Iceland’s representative, Ragnar Kjartansson, has built an off-site painting studio, where he keeps painting the same Speedo-wearing male model. It sounds trite, and as a critique of painting it’s silly, but Kjartansson told me he really wants to learn how to paint, and his combination of classic relational aesthetics and classic painting bears fruit. Speaking of which, at the tip of the Dogana is Charles Ray’s extraordinary Boy With Frog. Seeing this boy coming to grips with otherness, life outside himself, and the world as he stands naked before us, frog in hand, is as uncanny and moving as it is revelatory. Ray seems to be saying, “Modern art is over, so I’m retrieving familiar forms and techniques to make something old new again.”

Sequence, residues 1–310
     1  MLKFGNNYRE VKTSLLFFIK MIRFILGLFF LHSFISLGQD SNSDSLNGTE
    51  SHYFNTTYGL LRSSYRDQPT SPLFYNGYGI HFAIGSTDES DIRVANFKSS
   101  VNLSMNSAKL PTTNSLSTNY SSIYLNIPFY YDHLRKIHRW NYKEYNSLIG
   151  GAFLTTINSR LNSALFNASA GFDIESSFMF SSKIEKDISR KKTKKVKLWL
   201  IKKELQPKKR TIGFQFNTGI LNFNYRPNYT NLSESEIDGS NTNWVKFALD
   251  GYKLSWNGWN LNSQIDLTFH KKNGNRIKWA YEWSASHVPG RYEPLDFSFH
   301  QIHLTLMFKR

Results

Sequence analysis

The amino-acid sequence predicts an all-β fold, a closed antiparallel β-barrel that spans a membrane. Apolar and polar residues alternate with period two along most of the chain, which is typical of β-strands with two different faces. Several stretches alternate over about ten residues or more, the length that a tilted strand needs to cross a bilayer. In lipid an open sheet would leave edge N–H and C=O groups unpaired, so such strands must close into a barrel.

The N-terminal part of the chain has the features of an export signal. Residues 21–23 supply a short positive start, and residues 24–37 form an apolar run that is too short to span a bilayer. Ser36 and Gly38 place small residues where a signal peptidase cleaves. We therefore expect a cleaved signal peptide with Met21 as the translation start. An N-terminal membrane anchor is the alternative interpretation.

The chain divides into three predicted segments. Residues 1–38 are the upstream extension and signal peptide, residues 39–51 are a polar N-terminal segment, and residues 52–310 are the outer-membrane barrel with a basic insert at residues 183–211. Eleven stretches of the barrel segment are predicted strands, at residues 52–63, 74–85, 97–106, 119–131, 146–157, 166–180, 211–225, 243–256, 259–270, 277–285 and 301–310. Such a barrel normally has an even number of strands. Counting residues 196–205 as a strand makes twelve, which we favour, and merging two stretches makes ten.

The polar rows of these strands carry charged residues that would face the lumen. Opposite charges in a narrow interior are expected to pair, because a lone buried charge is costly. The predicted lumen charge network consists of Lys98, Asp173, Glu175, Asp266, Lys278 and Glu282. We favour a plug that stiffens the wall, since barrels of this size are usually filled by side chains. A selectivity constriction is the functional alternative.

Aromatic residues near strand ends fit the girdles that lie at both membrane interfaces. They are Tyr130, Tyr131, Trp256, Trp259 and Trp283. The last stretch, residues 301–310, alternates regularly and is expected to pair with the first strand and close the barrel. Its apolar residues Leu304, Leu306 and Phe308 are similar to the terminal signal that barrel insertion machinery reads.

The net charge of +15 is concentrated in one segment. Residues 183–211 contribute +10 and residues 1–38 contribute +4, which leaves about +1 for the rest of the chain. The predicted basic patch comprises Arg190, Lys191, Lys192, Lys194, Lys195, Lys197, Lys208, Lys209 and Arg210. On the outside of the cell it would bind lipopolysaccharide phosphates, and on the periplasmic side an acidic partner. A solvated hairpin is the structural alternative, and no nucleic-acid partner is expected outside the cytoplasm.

The most moving moment I had at the Biennale, however, came in the last minutes of my last day at the show. Just before closing time, as guards herded stragglers toward the entrance from the far end of the Arsenal where I was, three marvelous-looking vessels cobbled together from urban detritus motored past Mike Boucher’s wonderful sunken suburban house, and into the small lagoon. A band played a haunting song, a woman sang, a girl swung on a swing. The boats are the work of the artist Swoon, who was profiled in this magazine’s pages a couple of weeks ago. I’m told that Swoon wasn’t even invited to the show. She and her gypsy friends simply entered of their own accord and did what they wanted to do. Like the best work here, Swoon’s work doesn’t come out of academic critique; it comes from necessity and vision. These are the perfect tools for making things as old as time new again—including an art world turned dangerously into itself.